In politics, words always mean more than what’s on the surface. Just how words are said, or when they are said, can do much to shade their meanings.
That said, what’s up with the provocative words of Hanover County’s Del. Frank Hargrove?
After former Sen. George Allen’s infamous “macaca” meltdown and the much-publicized anti-Muslim stance of Rep. Virgil Goode (depicted left), what was behind fellow Republican Hargrove’s suggested alternative to the proposal to apologize for Virginia’s official part in maintaining the slavery system in pre-Civil War times?
Of slavery, Hargrove said Virginia’s “black citizens should get over it.” To present this wizened advice for the ears of his fellow legislators, the delegate chose a time that suited his purpose -- Martin Luther King, Jr. Day.
Then, to bolster his opinion that an apology for slavery coming 142 years after the Civil War ended is pointless -- and to reveal his equal-opportunity-offender side -- 80-year-old Hargrove asked, “Are we going to force the Jews to apologize for killing Christ?”
Well, the simplest explanation is that Mr. Hargrove doesn’t get it and doesn’t want to get it. He can’t fathom how much has changed in his lifetime.
Hargrove is a relic from the days of Massive Resistance, when it was fashionable for many of Virginia’s establishment politicians to speak in a code, with a wink and a nudge. To facilitate their public stoking of prejudices such politicians needed only a patina of syntax. They spoke as they pleased, confident that anyone offended by such words had no clout to do anything about it.
Sadly, the press in that era largely let them get away with it.
Forty, fifty years ago, when one of those segregationist cats said to an all-white political gathering, “those nig-rahs” -- when referring disdainfully to black Virginians asking for full citizenship -- the people in the audience with the ears to hear it, they knew what the speaker meant.
In that time comedian Lenny Bruce used to do a bit in his nightclub act on that same twisted pronunciation of the word “Negroes,” which was then in popular use by certain Southern politicians, among others.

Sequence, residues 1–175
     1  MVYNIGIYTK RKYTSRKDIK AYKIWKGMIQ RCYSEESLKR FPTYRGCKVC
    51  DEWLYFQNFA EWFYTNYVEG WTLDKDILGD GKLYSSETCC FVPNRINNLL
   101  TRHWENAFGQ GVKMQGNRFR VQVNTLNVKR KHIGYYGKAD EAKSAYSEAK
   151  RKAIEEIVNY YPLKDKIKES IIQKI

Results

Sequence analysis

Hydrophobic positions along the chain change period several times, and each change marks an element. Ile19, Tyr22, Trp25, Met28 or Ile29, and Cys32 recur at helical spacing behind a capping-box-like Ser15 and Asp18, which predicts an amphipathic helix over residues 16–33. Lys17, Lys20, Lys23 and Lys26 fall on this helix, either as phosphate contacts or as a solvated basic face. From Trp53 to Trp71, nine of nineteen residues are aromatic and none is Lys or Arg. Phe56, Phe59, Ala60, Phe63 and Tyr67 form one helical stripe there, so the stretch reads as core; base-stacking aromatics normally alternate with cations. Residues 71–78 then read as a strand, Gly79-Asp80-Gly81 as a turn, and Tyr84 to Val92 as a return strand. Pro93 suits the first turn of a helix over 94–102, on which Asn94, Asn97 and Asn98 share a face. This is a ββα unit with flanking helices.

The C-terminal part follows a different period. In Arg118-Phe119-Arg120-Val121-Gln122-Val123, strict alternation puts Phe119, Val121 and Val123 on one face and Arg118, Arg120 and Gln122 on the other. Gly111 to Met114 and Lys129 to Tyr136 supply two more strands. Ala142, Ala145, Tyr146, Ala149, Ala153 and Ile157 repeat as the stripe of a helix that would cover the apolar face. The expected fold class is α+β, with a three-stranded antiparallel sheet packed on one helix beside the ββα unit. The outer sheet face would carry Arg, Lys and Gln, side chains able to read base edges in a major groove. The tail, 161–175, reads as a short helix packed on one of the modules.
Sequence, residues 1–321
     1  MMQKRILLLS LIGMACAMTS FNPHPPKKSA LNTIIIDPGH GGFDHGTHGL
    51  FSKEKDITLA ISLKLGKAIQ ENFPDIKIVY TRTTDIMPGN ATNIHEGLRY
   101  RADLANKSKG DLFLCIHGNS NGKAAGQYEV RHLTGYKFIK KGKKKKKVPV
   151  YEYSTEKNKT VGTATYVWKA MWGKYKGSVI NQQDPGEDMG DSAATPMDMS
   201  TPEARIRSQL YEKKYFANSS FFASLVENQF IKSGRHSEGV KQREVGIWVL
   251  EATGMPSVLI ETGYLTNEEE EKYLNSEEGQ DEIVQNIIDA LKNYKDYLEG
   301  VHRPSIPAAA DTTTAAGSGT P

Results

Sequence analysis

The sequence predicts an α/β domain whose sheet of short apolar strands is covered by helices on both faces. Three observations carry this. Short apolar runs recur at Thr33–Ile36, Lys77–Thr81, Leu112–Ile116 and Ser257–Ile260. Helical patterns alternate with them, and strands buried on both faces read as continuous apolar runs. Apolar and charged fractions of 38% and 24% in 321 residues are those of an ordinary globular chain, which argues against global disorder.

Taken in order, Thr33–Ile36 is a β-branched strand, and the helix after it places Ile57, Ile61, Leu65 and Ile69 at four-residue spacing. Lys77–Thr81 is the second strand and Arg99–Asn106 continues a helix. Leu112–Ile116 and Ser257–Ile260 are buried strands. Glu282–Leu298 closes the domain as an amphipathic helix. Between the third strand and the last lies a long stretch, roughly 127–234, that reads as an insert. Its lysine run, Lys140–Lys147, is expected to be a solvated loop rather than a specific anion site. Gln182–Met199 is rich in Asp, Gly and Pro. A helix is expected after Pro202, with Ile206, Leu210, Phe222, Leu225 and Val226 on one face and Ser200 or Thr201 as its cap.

Today President George Bush comically mangles the pronunciation of the word “nuclear,” by saying something like, “noo-kew-ler.”
Is that a strange Connecticut/Texas dialect? Or, is it what linguist Geoffrey Numberg calls a “thinko,” as opposed to a “typo.”
In his book “Going Nucular,” Nunberg points out that in the 1950s some political hawks and weapons specialists deliberately mispronounced the word “nuclear,” in that same way, to make the word their own -- to give it more punch. Cartoon everyman Homer Simpson still says “nookewler,” too.
Accordingly, it says here that Hargrove was trying to be funny. Moreover, he’s so far past having any ambition beyond just waking up each morning, to amuse himself he’s perfectly willing to stick his thumb in the eye of any opponent ... and the horse he rode in on.
Thus, Mr. Hargrove will doubtless ride through the season’s media attention, blithely unconcerned that he’s made it yet more difficult for his struggling political party, the Grand Old Party, to seem modern in Virginia on issues to do with race, class and culture.
Enough has been said about Allen’s ethnicity gaffes during his senatorial campaign, so I’ll move on to U.S. Rep. Virgil Goode, who is a politician very much on the make.
In December, Goode’s calculated choice to go very public with his anti-Muslim/tough-on-immigrants stance represented more than Hargrove’s warmed-over sarcasm, served up from the vault. Goode is obviously confident there’s still plenty of support for his throwback, xenophobic statements in his largely rural congressional district. He doesn’t get it either, but for different reasons than Hargrove.
Goode’s reading of the results of the 2006 election is shallow. He can’t see that like Americans in many other states lots of Virginians are sick and tired of being force-marched backward, culturally, by the neoconservative Bush administration. Furthermore, the words of any Republican that dwell on limiting abortion rights, bashing same-sex relationships and seeking to establish creationism as having equal standing to science are painting the GOP into a dark corner of the political landscape.
Word-wise, Hargrove is a crusty old wiseacre.
Allen probably overstayed his welcome. But it took his sloppy and ill-advised use of words to assure his downfall. Now Allen is history as an elected politician.
Originally elected to his office as a Democrat, Goode, ever the opportunist, wants to inherit what was Allen’s cache of statewide conservative support. Yet, Goode is foolishly underestimating how rough modern communications -- chiefly the Internet -- are going to be on his good-ol’-boy, trash-talking ilk.
Eventually, Mr. Goode should get wised up. Give it another year. By then he may begin to catch a whiff of reality.
The way things are going, in 2008 there aren’t going to be many Republicans with any real future in public office, who will be willing to stand with Goode and Hargrove, knee-deep in the Strom Thurmond wing of the dumpster of history.
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Art by F.T. Rea